WO2004042282A2 - A radiant tube heater assembly - Google Patents

A radiant tube heater assembly Download PDF

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Publication number
WO2004042282A2
WO2004042282A2 PCT/GB2003/004818 GB0304818W WO2004042282A2 WO 2004042282 A2 WO2004042282 A2 WO 2004042282A2 GB 0304818 W GB0304818 W GB 0304818W WO 2004042282 A2 WO2004042282 A2 WO 2004042282A2
Authority
WO
WIPO (PCT)
Prior art keywords
heater
tube
assembly according
indirect
heater assembly
Prior art date
Application number
PCT/GB2003/004818
Other languages
French (fr)
Other versions
WO2004042282A3 (en
Inventor
Glyn Turner
Lee Herbert
Original Assignee
Ambi-Rad Limited
Priority date (The priority date is an assumption and is not a legal conclusion. Google has not performed a legal analysis and makes no representation as to the accuracy of the date listed.)
Filing date
Publication date
Priority to GB0226006.5 priority Critical
Priority to GB0226006A priority patent/GB2395775B/en
Application filed by Ambi-Rad Limited filed Critical Ambi-Rad Limited
Publication of WO2004042282A2 publication Critical patent/WO2004042282A2/en
Publication of WO2004042282A3 publication Critical patent/WO2004042282A3/en

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Classifications

    • FMECHANICAL ENGINEERING; LIGHTING; HEATING; WEAPONS; BLASTING
    • F24HEATING; RANGES; VENTILATING
    • F24CDOMESTIC STOVES OR RANGES ; DETAILS OF DOMESTIC STOVES OR RANGES, OF GENERAL APPLICATION
    • F24C1/00Stoves or ranges in which the fuel or energy supply is not restricted to solid fuel or to a type covered by a single one of the following groups F24C3/00 - F24C9/00; Stoves or ranges in which the type of fuel or energy supply is not specified
    • F24C1/14Radiation heating stoves and ranges, with additional provision for convection heating
    • FMECHANICAL ENGINEERING; LIGHTING; HEATING; WEAPONS; BLASTING
    • F23COMBUSTION APPARATUS; COMBUSTION PROCESSES
    • F23CMETHODS OR APPARATUS FOR COMBUSTION USING FLUID FUEL OR SOLID FUEL SUSPENDED IN  A CARRIER GAS OR AIR 
    • F23C3/00Combustion apparatus characterised by the shape of the combustion chamber
    • F23C3/002Combustion apparatus characterised by the shape of the combustion chamber the chamber having an elongated tubular form, e.g. for a radiant tube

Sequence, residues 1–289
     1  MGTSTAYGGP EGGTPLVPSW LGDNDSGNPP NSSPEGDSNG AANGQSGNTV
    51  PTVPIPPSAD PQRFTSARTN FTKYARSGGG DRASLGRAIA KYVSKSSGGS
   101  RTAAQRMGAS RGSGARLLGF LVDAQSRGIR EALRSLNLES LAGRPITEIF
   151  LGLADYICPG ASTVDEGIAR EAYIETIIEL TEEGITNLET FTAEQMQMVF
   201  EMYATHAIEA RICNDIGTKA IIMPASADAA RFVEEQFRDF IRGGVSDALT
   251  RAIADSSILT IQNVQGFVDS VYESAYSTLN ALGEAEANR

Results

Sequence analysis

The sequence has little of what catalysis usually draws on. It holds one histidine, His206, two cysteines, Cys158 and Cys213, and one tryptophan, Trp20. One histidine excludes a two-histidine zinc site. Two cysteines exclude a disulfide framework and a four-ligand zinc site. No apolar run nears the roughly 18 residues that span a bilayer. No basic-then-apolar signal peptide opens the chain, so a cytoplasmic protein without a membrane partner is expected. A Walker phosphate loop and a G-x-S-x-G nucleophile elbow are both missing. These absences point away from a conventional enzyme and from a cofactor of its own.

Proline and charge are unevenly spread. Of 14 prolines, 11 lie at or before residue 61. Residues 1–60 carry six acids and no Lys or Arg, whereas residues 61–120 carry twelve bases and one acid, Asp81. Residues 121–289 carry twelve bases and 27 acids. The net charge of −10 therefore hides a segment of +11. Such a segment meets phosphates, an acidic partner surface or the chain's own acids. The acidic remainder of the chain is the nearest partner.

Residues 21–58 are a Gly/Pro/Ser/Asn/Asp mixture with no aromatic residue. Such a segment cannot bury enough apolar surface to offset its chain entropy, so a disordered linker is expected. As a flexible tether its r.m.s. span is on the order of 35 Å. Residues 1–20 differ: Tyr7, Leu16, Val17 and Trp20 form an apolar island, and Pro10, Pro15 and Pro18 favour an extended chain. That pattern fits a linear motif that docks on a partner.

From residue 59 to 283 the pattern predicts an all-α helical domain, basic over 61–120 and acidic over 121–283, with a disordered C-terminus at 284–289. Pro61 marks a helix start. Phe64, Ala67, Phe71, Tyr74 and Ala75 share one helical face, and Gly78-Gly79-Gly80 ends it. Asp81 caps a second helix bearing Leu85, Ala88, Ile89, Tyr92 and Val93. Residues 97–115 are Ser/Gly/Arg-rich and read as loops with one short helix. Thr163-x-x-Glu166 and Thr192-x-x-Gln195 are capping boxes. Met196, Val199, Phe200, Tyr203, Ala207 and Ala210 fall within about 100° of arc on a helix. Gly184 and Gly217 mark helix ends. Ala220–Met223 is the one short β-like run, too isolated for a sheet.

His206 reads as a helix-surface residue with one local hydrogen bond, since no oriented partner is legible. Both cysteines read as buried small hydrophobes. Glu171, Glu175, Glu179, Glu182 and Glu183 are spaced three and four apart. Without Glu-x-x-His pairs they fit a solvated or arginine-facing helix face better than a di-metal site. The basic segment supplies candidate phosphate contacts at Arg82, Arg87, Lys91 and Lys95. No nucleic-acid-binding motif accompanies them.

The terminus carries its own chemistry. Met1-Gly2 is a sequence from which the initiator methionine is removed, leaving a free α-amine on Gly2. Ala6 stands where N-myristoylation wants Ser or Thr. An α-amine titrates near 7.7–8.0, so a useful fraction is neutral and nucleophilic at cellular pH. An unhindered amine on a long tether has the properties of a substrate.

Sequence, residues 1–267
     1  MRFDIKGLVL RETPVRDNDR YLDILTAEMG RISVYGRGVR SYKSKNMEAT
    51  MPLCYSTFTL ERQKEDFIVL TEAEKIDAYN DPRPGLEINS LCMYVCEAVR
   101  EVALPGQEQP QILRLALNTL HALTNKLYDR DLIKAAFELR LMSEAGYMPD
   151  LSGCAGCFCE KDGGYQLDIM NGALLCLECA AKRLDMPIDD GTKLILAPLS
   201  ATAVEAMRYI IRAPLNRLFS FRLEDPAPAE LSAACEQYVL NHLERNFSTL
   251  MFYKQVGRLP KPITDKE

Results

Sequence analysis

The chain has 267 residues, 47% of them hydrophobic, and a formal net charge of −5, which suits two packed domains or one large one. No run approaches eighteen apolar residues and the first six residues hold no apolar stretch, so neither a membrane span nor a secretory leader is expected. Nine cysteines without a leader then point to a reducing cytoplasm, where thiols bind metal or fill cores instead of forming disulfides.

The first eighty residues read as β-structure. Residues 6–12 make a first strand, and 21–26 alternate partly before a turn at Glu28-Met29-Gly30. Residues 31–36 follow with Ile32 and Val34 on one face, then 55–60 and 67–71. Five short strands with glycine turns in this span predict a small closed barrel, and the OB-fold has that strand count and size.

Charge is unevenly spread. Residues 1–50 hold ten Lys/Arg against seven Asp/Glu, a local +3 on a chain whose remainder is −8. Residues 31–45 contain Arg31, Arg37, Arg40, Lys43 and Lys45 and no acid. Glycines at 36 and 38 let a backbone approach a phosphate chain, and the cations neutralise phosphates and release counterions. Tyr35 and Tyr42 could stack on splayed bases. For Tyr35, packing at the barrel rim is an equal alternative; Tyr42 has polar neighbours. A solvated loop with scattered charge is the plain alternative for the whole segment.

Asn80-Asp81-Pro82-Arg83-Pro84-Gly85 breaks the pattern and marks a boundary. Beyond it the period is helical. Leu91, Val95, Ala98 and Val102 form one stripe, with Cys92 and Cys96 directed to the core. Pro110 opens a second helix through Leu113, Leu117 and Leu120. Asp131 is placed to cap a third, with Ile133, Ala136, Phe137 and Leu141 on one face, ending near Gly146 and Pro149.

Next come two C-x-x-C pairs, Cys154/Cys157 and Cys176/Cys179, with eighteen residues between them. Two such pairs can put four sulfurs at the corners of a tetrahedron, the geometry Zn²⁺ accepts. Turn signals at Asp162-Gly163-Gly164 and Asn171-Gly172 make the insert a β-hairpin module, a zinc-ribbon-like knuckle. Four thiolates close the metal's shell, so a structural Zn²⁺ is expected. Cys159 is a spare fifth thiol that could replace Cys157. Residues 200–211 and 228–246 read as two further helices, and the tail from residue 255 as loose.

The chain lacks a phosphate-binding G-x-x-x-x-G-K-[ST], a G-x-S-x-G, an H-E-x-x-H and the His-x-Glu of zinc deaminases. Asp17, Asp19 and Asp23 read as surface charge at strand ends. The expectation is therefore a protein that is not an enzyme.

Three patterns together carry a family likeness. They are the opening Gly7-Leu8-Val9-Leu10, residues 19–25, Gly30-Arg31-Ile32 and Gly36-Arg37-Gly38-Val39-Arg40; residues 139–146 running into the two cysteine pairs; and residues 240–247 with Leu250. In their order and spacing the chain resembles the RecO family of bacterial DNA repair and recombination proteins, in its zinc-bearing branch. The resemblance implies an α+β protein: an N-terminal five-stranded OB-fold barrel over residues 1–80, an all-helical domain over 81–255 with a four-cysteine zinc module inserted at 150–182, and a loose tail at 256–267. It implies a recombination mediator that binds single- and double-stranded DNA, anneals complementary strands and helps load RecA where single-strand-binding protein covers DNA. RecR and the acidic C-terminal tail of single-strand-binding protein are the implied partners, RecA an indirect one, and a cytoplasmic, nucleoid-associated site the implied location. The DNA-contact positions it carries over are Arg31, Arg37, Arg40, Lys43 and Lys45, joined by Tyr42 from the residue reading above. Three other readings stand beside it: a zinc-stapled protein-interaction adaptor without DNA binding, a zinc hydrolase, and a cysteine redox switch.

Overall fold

• FMECHANICAL ENGINEERING; LIGHTING; HEATING; WEAPONS; BLASTING
    • F23COMBUSTION APPARATUS; COMBUSTION PROCESSES
    • F23DBURNERS
    • F23D14/00Burners for combustion of a gas, e.g. of a gas stored under pressure as a liquid
    • F23D14/12Radiant burners
    • FMECHANICAL ENGINEERING; LIGHTING; HEATING; WEAPONS; BLASTING
    • F24HEATING; RANGES; VENTILATING
    • F24HFLUID HEATERS, e.g. WATER OR AIR HEATERS, HAVING HEAT-GENERATING MEANS, e.g. HEAT PUMPS, IN GENERAL
    • F24H3/00Air heaters
    • F24H3/02Air heaters with forced circulation
    • F24H3/025Air heaters with forced circulation using fluid fuel
    • FMECHANICAL ENGINEERING; LIGHTING; HEATING; WEAPONS; BLASTING
    • F24HEATING; RANGES; VENTILATING
    • F24HFLUID HEATERS, e.g. WATER OR AIR HEATERS, HAVING HEAT-GENERATING MEANS, e.g. HEAT PUMPS, IN GENERAL
    • F24H3/00Air heaters
    • F24H3/02Air heaters with forced circulation
    • F24H3/06Air heaters with forced circulation the air being kept separate from the heating medium, e.g. using forced circulation of air over radiators
    • F24H3/065Air heaters with forced circulation the air being kept separate from the heating medium, e.g. using forced circulation of air over radiators using fluid fuel
    • FMECHANICAL ENGINEERING; LIGHTING; HEATING; WEAPONS; BLASTING
    • F24HEATING; RANGES; VENTILATING
    • F24HFLUID HEATERS, e.g. WATER OR AIR HEATERS, HAVING HEAT-GENERATING MEANS, e.g. HEAT PUMPS, IN GENERAL
    • F24H3/00Air heaters
    • F24H3/02Air heaters with forced circulation
    • F24H3/06Air heaters with forced circulation the air being kept separate from the heating medium, e.g. using forced circulation of air over radiators
    • F24H3/08Air heaters with forced circulation the air being kept separate from the heating medium, e.g. using forced circulation of air over radiators by tubes
    • F24H3/087Air heaters with forced circulation the air being kept separate from the heating medium, e.g. using forced circulation of air over radiators by tubes using fluid fuel

Abstract